as this causes splits.92 GERMAN SKI TRAINING AND TACTICS otherwise fit toe irons to the form of the sole. . Ski Poles Ski poles.) The tip of the shoe should not extend more than 1 inch ahead of the front edge of the toe iron. Skis should also be treated if they have stood 1 to 2 days in rooms with temperatures above 32 degrees F. They must never be dried near a stove. must be treated with an oil suitable for the purpose (wood-saturation oil). i. Coare of the Sled The wooden parts of sleds. especially cane poles. Runners made of metal must be greased frequently with rust-preventing grease. g. Small tears at the edges of the ski climbers must be cut away to prevent further tearing. In storing them. h. should be greased only slightly. like those of the bindings. especially the r9unneries. A few threads of wool or wood shavings will keep loose screws tight. The position of leather strips and cables which run over sharp edges must be changed as often as possible to prevent them from wearing through. Wmlen poles are broken. Sleds should not be overloaded or piled too high. must be protected against sudden changes in temperature. Ski Climbers Ski climbers must be carefully dried in the open air. The most practical way is to hang them up. apply the methods prescribed for skis. Leather should be treated on days when the temperature is above 23 degrees F. Too much grease tends to make the leather spongy. The screws of the toe irons must be tested daily and greased. they can be made almost as strong as before if cord or insulation tape is wrapped around them. When the poles begin to split. They must never be dried or stored near stoves or open fires. The leather parts. splints should be made for them from branches or other poles. The leather parts of the binding must be kept slightly greased.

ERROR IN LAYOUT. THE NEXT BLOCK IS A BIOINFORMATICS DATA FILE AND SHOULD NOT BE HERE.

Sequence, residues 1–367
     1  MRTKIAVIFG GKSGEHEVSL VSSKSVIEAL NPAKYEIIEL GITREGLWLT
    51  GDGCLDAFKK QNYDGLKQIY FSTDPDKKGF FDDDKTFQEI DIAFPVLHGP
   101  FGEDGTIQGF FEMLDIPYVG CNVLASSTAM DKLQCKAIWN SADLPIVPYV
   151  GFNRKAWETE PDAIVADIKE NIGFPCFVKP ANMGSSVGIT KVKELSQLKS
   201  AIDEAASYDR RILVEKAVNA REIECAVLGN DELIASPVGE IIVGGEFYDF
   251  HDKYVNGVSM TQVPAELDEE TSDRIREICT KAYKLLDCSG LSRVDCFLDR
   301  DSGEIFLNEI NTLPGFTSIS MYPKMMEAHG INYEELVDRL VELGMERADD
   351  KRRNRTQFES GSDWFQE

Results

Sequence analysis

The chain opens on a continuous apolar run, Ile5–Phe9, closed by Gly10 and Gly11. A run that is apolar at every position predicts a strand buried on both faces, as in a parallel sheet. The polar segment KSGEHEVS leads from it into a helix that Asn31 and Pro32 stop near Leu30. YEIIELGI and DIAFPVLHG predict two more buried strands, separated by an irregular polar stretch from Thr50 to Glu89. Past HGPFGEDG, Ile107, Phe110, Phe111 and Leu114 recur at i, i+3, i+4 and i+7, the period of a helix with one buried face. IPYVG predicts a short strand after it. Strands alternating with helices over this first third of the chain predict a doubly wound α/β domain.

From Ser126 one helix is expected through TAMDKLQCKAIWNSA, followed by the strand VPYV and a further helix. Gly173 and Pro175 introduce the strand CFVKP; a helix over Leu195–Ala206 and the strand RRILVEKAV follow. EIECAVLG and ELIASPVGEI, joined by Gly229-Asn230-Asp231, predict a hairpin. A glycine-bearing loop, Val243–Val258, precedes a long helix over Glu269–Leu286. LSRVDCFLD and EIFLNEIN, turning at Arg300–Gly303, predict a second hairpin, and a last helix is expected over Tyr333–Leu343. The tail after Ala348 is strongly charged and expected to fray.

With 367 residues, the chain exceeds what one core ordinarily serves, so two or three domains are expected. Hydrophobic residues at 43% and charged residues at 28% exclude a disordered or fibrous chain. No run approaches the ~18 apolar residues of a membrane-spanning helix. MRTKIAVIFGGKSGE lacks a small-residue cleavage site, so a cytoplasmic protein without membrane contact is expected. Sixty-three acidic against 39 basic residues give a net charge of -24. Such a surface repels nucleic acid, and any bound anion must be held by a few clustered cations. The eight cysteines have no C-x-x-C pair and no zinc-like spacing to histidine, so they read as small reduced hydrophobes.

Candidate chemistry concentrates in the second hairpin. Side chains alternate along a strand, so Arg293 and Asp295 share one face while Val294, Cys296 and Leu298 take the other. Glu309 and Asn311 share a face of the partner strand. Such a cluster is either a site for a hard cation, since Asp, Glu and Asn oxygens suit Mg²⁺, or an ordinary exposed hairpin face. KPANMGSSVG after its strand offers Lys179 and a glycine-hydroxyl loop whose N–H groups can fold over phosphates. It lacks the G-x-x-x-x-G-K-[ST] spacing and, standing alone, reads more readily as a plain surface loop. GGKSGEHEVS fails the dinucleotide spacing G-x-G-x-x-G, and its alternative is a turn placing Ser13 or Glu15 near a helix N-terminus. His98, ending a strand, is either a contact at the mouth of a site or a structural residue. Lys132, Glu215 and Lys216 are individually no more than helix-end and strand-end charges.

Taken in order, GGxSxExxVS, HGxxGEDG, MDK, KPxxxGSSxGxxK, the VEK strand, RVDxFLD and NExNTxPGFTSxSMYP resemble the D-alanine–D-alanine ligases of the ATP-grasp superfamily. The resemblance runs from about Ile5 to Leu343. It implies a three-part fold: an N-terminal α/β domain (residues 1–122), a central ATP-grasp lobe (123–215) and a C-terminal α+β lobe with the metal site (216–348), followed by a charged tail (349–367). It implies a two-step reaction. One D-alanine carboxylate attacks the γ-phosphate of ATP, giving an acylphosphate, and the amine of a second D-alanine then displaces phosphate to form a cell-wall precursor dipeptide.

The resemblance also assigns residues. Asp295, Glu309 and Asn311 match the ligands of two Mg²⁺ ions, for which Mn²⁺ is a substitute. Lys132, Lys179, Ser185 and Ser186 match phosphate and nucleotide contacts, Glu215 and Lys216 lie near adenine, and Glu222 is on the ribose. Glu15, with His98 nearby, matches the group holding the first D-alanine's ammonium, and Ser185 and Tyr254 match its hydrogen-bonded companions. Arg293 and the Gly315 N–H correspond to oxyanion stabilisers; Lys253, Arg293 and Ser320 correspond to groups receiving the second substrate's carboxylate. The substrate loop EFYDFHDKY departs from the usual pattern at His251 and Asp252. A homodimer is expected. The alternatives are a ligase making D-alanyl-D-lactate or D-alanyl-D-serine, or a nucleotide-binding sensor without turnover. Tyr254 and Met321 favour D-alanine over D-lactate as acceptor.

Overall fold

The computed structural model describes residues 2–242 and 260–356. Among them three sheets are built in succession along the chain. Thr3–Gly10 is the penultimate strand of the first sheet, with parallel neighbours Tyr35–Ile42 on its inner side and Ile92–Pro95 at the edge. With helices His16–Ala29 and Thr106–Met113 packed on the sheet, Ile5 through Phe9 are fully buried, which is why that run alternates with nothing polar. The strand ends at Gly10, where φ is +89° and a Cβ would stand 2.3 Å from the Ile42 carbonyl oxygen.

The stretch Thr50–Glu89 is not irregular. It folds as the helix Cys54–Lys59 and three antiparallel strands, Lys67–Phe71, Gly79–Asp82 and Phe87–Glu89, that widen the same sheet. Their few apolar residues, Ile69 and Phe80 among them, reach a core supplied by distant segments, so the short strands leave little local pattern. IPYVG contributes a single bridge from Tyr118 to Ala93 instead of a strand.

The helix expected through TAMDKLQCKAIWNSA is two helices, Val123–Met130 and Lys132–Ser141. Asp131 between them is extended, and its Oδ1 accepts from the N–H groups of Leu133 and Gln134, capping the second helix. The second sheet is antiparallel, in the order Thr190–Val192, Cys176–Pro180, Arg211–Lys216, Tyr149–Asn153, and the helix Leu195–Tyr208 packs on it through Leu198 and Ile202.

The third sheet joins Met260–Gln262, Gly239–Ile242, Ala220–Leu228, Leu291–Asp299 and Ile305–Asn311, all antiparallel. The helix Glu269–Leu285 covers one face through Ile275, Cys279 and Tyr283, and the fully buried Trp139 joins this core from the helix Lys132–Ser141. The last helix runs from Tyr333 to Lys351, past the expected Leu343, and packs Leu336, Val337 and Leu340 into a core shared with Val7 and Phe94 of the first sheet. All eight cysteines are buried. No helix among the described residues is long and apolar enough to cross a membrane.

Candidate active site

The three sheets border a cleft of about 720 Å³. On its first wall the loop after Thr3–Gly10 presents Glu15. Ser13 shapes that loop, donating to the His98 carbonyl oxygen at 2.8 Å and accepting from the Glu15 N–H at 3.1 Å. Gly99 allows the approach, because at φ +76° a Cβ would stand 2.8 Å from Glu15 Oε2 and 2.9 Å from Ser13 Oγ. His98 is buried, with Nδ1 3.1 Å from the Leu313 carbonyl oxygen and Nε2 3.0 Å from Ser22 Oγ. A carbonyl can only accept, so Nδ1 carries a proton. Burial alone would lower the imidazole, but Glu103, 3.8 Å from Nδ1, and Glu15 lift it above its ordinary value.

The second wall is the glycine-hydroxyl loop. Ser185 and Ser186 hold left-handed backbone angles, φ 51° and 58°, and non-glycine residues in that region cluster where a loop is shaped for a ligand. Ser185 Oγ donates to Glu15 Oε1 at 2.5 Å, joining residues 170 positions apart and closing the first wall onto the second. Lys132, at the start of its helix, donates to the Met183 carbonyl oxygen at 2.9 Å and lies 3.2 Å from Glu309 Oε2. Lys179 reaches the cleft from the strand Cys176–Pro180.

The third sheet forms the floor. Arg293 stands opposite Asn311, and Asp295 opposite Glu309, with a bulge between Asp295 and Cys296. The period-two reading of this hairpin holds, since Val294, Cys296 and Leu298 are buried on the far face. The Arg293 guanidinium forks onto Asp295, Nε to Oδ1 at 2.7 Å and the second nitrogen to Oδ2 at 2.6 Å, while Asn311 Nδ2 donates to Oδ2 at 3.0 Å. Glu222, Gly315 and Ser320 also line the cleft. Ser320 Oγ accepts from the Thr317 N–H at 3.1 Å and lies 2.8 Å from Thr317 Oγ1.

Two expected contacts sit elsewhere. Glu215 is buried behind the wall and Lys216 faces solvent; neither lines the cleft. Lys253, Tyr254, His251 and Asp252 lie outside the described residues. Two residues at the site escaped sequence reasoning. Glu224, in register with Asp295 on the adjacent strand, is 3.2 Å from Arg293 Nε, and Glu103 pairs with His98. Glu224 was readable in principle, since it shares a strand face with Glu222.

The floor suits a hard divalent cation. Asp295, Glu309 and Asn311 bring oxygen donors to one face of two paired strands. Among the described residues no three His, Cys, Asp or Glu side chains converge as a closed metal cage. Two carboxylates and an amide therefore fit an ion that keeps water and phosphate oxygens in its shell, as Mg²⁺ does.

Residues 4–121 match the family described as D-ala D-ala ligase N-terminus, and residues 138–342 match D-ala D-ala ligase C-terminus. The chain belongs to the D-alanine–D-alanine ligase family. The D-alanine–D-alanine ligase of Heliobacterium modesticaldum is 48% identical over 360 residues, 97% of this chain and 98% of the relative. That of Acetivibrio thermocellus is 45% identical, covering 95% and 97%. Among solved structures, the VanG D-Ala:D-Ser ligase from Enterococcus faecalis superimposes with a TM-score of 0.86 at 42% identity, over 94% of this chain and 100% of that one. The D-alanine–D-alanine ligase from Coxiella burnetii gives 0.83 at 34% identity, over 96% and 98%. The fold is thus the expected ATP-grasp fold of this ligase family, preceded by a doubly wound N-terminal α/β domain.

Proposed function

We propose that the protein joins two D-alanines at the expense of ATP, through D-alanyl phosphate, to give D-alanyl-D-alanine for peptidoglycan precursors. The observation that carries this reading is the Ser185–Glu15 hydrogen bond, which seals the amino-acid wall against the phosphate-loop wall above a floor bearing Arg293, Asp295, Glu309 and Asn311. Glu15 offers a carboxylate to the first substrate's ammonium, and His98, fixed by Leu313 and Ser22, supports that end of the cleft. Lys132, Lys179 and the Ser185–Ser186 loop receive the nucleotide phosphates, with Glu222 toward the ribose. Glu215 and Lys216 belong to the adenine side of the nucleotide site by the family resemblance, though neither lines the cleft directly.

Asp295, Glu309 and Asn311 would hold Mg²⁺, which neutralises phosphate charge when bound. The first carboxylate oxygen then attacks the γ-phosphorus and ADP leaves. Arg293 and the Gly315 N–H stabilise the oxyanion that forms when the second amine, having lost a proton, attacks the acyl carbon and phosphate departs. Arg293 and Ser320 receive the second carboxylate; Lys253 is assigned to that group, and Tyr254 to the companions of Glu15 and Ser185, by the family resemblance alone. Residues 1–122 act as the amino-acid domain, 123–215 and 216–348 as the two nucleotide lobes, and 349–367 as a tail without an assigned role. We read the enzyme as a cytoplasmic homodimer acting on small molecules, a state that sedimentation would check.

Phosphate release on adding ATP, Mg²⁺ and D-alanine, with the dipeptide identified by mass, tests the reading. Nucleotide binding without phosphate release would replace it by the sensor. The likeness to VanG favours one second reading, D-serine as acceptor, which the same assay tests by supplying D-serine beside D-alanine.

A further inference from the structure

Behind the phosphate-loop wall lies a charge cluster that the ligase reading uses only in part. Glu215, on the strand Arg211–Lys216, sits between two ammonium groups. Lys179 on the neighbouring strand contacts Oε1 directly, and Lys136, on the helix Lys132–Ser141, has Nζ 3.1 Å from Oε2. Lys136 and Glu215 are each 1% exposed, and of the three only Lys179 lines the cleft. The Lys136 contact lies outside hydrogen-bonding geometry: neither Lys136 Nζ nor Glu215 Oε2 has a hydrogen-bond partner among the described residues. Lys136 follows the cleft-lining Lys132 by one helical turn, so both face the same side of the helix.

Ski Bundle If terrain conditions and the enemy situation make it necessary to take off the skis and transport them behind the unit.MAINTENANCE OF SKIS AND SLEDS 93 On long marches. The sled must be cleaned of snow and ice after every use and must be placed in a dry spot which is protected from the wind.) If the skis have leather bindings. In this way it is possible for one'man to haul from 8 to 10 pairs of skis over long distances without special help. three to four skis are placed flat on the ground next to each other and tightly fastened together at the bindings by means of a cord. The leather parts must be greased only slightly. the arrangement of a ski bundle may be ordered to economize on hand sleds and men. Leather parts which have frozen hard are best thawed out and dried near a fire (never over an open fire) or in a warm room. the free end of which is passed in a half hitch around the tips of all the skis stacked on the initial layer. or after the sleds have been kept from 1 to 2 days in a room with a temperature above 32 degrees F. The ski poles are placed in a bundle on top of the uppermost layer of skis and fastened to the bindings by means of a rope. 39. .. A foundation of wood and branches under the runners will keep them from freezing. the tip of each being pushed under the toe strap of the one below until the binding touches the strap. the sleds must be checked from time to time and damages must be repaired. etc. (See fig. In order to make a ski bundle. The skis in the uppermost layer are fastened together with a double towrope. Leather should be treated only on days when the temperature is above 23 degrees F. 33. loose screws tightened. These precautions will prevent damage which might render the sled at least temporarily useless. the lower layer can be fastened by means of the bindings themselves. TRANSPORTATION OF SKIS a. This should always be done after strenuous use. The rest of the skis are placed one on top of the other.